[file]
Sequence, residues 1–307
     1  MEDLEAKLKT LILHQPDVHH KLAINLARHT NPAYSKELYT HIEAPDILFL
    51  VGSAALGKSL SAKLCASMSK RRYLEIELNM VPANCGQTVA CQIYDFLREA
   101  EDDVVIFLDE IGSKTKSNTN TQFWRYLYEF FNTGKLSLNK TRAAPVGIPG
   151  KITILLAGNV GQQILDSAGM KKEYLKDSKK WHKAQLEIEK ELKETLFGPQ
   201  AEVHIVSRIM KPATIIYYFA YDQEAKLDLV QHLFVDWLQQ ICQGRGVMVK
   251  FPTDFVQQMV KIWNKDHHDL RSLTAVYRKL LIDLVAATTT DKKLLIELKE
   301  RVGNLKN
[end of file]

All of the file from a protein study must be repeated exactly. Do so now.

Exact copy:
Sequence, residues 1–307
     1  MEDLEAKLKT LILHQPDVHH KLAINLARHT NPAYSKELYT HIEAPDILFL
    51  VGSAALGKSL SAKLCASMSK RRYLEIELNM VPANCGQTVA CQIYDFLREA
   101  EDDVVIFLDE IGSKTKSNTN TQFWRYLYEF FNTGKLSLNK TRAAPVGIPG
   151  KITILLAGNV GQQILDSAGM KKEYLKDSKK WHKAQLEIEK ELKETLFGPQ
   201  AEVHIVSRIM KPATIIYYFA YDQEAKLDLV QHLFVDWLQQ ICQGRGVMVK
   251  FPTDFVQQMV KIWNKDHHDL RSLTAVYRKL LIDLVAATTT DKKLLIELKE
   301  RVGNLKN